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Is Fat-Free Salad Dressing Bad For You?

Why Fat-Free Salad Dressing May Not Be the Best Choice

If you're trying to lose weight, salads are a great option — they fill you up without too much fat or calories. The other great thing about indulging your salad habit is that they provide many essential nutrients that you may be missing in your diet. But if you normally top your salad with fat-free dressing, you may be sabotaging your healthy plans; research has shown that low- or nonfat dressings limit the amount of nutrients your body absorbs from your salad.

The research, published in Molecular Nutrition & Food Research, found that when a study group of 29 people ate salads dressed with different amounts of saturated fat (butter), monounsaturated fat (canola oil), or polyunsaturated fat (corn oil), the amount of nutrients their bodies absorbed increased with the amount of fat in their dressing. This means that while eating a salad devoid of fat may be good for your overall daily calorie count, your body will miss out on all those key nutrients in your plate of veggies.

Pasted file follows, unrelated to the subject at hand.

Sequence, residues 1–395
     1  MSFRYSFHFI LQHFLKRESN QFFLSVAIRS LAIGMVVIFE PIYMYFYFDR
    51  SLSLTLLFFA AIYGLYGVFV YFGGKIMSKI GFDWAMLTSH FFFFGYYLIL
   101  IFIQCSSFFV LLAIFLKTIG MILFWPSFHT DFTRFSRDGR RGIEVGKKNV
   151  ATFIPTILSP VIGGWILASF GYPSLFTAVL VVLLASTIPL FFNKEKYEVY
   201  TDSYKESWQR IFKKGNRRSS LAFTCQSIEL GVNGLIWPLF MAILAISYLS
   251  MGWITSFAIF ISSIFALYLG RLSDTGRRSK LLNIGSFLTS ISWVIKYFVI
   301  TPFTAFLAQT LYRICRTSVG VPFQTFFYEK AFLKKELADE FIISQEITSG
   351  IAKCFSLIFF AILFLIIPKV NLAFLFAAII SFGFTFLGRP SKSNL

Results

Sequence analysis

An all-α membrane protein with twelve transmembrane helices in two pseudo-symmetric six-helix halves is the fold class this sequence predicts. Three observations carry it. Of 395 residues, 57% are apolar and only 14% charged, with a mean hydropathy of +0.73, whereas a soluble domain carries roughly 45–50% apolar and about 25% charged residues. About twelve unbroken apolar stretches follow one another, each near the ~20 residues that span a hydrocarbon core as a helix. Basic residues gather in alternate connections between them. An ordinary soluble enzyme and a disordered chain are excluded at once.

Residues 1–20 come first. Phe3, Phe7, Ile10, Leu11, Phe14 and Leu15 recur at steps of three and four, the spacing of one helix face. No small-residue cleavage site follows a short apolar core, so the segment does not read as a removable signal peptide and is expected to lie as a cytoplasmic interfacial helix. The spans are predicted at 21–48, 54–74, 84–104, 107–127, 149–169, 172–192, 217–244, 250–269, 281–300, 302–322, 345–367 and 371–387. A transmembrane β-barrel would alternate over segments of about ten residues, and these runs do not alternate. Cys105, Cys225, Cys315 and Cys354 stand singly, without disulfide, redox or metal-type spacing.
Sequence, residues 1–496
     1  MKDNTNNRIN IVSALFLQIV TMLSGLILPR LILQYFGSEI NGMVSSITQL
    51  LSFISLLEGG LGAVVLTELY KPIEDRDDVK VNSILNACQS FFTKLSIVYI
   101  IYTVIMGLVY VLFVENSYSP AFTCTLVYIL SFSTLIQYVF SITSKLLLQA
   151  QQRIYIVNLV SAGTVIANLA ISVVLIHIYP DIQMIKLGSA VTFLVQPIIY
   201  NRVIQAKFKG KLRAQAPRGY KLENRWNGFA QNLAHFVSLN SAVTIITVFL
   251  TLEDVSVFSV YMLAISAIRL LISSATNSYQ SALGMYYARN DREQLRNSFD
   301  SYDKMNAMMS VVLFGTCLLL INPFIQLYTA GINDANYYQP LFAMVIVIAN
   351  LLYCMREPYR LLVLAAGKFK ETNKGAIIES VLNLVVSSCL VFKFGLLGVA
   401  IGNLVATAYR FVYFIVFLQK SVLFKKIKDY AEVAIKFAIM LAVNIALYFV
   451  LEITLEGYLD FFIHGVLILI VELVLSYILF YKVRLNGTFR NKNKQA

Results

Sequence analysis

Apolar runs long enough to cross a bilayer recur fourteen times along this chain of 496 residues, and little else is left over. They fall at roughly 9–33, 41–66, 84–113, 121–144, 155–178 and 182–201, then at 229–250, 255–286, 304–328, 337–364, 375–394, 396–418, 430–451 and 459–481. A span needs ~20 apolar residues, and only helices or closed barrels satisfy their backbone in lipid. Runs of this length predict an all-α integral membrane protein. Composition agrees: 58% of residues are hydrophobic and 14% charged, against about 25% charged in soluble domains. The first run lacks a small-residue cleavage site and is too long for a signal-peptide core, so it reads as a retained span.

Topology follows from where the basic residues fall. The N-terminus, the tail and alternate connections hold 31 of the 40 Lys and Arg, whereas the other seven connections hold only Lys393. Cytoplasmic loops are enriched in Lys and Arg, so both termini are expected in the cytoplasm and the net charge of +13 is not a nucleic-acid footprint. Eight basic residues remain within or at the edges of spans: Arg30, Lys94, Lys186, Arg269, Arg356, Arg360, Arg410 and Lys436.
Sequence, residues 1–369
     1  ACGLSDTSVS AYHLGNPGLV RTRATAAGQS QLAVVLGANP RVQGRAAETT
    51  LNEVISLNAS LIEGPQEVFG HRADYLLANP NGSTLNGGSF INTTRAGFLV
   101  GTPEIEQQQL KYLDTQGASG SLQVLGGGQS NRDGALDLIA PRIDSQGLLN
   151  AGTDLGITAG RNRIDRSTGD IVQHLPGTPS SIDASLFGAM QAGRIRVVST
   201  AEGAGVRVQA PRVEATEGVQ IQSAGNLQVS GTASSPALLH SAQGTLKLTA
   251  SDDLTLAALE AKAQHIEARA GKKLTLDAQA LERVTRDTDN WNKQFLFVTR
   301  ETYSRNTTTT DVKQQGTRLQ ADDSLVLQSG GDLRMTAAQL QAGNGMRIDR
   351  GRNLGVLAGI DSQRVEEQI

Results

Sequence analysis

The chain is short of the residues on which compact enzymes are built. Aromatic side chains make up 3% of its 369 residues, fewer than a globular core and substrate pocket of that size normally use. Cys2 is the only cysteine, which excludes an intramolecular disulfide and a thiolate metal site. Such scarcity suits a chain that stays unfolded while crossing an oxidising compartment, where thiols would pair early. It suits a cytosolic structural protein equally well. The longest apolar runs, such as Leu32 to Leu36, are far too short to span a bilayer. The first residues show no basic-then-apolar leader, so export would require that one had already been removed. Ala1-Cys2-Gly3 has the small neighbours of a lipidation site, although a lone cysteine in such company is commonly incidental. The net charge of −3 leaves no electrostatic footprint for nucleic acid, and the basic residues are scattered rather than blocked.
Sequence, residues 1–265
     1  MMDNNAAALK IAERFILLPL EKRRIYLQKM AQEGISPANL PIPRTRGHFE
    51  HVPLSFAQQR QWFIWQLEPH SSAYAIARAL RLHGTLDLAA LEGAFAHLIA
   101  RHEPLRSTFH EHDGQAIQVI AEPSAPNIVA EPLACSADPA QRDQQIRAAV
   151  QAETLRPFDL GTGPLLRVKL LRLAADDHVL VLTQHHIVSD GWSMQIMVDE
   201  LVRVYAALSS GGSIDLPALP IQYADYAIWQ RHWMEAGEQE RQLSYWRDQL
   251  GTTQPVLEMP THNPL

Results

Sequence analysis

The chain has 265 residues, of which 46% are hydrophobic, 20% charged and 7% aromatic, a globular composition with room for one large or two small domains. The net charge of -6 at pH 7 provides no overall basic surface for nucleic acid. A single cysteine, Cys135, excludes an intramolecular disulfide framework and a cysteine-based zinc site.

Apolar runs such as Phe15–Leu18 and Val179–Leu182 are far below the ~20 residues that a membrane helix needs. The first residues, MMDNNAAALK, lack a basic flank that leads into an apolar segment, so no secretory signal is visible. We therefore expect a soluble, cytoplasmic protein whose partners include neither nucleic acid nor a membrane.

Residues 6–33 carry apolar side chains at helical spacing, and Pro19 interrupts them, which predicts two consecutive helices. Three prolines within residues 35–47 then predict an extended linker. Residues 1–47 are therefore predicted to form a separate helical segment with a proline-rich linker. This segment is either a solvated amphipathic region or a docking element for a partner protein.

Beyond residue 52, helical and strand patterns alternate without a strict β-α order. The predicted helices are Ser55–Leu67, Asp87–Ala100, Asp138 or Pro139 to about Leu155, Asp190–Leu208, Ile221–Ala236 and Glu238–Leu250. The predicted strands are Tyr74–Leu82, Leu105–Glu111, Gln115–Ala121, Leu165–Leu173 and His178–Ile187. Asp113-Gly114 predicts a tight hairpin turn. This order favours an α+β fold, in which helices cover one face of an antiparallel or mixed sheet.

Dressing your salad with unhealthy saturated fats or dousing it with way too much fat-filled dressing may defeat the purpose of eating healthy, but there's good news: the researchers also found that when it comes to monounsaturated fats, the levels of nutrients absorbed were similar whether the participants ate three grams of monounsaturated fat or 20 grams. Monounsaturated fats, found in foods like olive oil, nuts, and avocados, are already healthy for you: they've been shown to lower your risk of heart disease and protect your brain. So whether you make your own olive-oil-based dressing or top your salad with a few slices of avocado, here's another great reason to make sure every salad contains a little bit of healthy fats.

Need dressing ideas? Check out these 10 homemade salad dressings, and let us know what type of salad dressing you normally use!

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